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What A Great Award, What A Small Philanthropy

Dolfine Gumba Dawa Shows off her Jubilee Insurance Samaritan Award

May 12 2011 – “Ms Dawa’s story demonstrates a rare genuine heart helping others in need, and by awarding her, we hope to inspire the same spirit in others in our society,” said Jeff Koinange, a Jubilee Insurance Samaritan Award panel judge. 


What A Great Award, What A Small Philanthropy


Antony AisiThe Jubilee Insurance Samaritan Award is a high profile award which recognizes individuals who are changing the society through their philanthropic and selfless deeds.

The award for the first quarter of 2011 will go to a very inspiring and humble lady who has dedicated her life to changing those of a section of the community that needs it most; and the award ceremony to recognise this little known story took take place on Wednesday May 4th 2011, at the Serena Hotel

In 1995 Dolfine Gumba Dawa lost her first son as she underwent surgery after food poisoning, then in 1996 the only other remaining son to HIV AIDS.

Some months later, she was forced to retire from her teaching career in Kisumu due to ill health. Her sorrows intensified and she was abandoned by family members. Alone and childless, it seemed as if her life had come to a standstill.

Facing a situation of such overwhelming sadness, her response was to offer assistance to those in need when others would have shut out the world.

She started by opening her doors to orphans and widows, those who had been neglected by the community and those that had no place to call home. Today, Ms Dawa’s home is a beehive of activity, with a school, church and smiling grateful faces of children.

Jubilee Insurance recognises Dolfine Dawa’s strength of character and her selfless dedication to giving orphans and widows in Kisumu a new lease on life, and awards her the Jubilee Insurance Samaritan Award.

“Nowadays our society is so acquisitive and materialistic that we tend to forget the value of serving our fellow men; and that is why Ms Dawa’s story is a real inspiration,” said Jubilee Group Chairman Nizar Juma.

“Through this award, Jubilee hopes to laud these selfless acts and in so doing encourage other Kenyans to be mindful of the welfare of the less fortunate members of the society.”

Today, Ms Dawa supports her new big ‘family’ by making building blocks in her homestead and selling them to local builders. Through this small initiative, she has been able to pay school fees for her children, with some performing exceptionally and attracting sponsorship for further education abroad.

One such lady, a 28 year old widow who lost her husband to HIV AIDS, came to her determined to complete her education. She sat her KCPE and attained 358 marks.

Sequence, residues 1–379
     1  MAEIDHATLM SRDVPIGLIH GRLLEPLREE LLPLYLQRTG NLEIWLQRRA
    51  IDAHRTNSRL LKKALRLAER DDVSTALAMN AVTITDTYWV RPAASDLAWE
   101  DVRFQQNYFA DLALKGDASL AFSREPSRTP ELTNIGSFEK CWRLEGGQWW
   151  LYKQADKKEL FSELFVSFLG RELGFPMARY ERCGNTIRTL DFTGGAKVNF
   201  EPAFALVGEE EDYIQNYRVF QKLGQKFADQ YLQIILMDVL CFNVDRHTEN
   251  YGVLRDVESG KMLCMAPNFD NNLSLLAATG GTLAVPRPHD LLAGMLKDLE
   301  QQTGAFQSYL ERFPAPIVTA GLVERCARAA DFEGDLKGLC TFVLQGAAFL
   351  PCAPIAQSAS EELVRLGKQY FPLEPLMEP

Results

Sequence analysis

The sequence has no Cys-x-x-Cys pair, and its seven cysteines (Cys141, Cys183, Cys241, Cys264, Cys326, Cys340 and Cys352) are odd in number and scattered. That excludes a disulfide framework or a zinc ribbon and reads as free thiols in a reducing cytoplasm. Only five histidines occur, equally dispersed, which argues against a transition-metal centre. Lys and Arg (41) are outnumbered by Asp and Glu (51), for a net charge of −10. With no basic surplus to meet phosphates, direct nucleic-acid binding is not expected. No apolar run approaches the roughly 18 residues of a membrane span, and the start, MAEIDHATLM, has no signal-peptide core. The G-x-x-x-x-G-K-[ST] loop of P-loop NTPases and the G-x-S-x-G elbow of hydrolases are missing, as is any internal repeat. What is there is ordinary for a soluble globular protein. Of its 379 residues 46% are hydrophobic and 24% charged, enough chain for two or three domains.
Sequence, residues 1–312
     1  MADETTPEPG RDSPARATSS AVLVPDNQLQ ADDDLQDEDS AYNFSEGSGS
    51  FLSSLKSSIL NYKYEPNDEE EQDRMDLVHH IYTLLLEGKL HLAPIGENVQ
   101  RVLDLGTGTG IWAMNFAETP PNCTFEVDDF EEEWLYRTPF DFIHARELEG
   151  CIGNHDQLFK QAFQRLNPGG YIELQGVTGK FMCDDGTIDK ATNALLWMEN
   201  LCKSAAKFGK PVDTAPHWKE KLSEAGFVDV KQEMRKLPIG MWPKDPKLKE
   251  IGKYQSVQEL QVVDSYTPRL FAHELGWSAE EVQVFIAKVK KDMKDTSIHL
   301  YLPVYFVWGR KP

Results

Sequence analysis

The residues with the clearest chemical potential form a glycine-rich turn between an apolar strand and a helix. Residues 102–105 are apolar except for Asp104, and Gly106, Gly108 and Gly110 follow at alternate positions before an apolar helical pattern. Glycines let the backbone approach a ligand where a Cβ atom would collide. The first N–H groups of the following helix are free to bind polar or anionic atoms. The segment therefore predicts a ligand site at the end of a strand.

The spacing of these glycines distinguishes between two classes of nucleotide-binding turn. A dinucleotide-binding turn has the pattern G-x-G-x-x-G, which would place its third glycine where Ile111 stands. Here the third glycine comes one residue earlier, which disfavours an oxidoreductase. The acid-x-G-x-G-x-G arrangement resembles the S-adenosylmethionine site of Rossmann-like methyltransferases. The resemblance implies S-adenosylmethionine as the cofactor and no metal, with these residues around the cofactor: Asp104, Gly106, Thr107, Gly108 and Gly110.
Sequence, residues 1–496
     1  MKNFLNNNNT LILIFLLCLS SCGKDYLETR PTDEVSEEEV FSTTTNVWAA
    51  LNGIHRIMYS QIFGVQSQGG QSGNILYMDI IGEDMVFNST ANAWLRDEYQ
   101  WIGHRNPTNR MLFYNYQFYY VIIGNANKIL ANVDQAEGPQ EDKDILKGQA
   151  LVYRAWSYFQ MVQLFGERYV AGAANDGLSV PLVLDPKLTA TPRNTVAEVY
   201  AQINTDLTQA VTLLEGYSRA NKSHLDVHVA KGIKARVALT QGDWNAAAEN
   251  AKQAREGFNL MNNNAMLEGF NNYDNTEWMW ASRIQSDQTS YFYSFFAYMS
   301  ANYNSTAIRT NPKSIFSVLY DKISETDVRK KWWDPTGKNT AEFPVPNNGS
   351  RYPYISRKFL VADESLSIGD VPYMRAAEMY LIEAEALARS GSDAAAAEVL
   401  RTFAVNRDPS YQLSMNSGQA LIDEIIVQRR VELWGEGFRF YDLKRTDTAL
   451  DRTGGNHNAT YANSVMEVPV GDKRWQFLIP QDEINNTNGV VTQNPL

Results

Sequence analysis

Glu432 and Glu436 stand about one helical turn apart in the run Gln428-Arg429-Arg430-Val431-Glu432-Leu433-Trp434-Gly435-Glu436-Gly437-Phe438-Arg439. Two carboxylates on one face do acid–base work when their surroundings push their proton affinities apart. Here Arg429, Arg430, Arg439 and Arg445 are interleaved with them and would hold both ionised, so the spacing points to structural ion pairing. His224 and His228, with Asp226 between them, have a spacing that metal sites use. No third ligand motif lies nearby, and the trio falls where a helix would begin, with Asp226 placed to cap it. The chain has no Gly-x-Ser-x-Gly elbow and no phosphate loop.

After a one year break due to ill health, she was put on anti retroviral drugs and joined Moi Forces Academy for her secondary education. The lady is now sitting for her final exams later this year.

Ms Dawa and her husband Mr Oliech have instituted other income generating activities over the years, and are now teaching others in the community how to supplement their monthly activities and support their families.

They started with a brick making business, and today have built a school in their compound for 160 pupils: 22 of whom are orphans and live in the school.

Approximately 40 students have proceeded to secondary school. When the school closes for holidays, the younger girls sleep on her living room floor because the rest of the house is already full of teenage girls and young ones.

“We do not have enough accommodation, but we know that it is our responsibility to take care of them. At least they have food, clothing, education and a place to call home. We don’t mind turning the living room into a bedroom at night,” says Ms Dawa.

The Oliechs have also built a church in the compound, which is used by the school and some villagers during Sunday services. The school hall serves as an examination hall during National examinations. They have constructed four fish ponds, and they rear cows and goat.

The farm produce is used as food and sold for money.

“Ms Dawa’s story demonstrates a rare genuine heart helping others in need, and by awarding her, we hope to inspire the same spirit in others in our society,” said Jeff Koinange, a JISA panel judge.

As she received the award at a ceremony held in her honour at the Serena Nairobi, Ms Dawa said: “I thank Jubilee so much for recognising me with this award. I am very encouraged to do much more.

More so, I feel happy that these acts which I did openheartedly have given someone a second chance.”

The JISA award, which is part of Jubilee’s Corporate Social Responsibility (CSR) initiatives, was established in 2006, and seeks to raise the profile of members of society who are passionate about the welfare of those around them.

The award programme is executed by a Panel composed of media practitioners in Kenya, who from the nature of their work encounter individuals going out of their way to perform humbling acts.

Story and Picture  By Antony Aisi


One Response

  1. Philanthropy happens human being by human being–in that sense there is no philanthropy. Great award and stories. Thanks for sharing them with us.

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